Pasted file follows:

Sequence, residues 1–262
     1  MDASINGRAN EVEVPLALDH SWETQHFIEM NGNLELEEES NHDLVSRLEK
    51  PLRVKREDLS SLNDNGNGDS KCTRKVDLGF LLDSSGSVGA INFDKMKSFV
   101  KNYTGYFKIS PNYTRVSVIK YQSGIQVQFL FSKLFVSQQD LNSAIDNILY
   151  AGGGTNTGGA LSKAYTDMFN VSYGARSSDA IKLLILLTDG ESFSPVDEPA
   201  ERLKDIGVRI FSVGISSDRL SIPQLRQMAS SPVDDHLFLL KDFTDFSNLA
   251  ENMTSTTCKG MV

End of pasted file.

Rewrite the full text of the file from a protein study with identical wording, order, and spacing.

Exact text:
Sequence, residues 1–262
     1  MDASINGRAN EVEVPLALDH SWETQHFIEM NGNLELEEES NHDLVSRLEK
    51  PLRVKREDLS SLNDNGNGDS KCTRKVDLGF LLDSSGSVGA INFDKMKSFV
   101  KNYTGYFKIS PNYTRVSVIK YQSGIQVQFL FSKLFVSQQD LNSAIDNILY
   151  AGGGTNTGGA LSKAYTDMFN VSYGARSSDA IKLLILLTDG ESFSPVDEPA
   201  ERLKDIGVRI FSVGISSDRL SIPQLRQMAS SPVDDHLFLL KDFTDFSNLA
   251  ENMTSTTCKG MV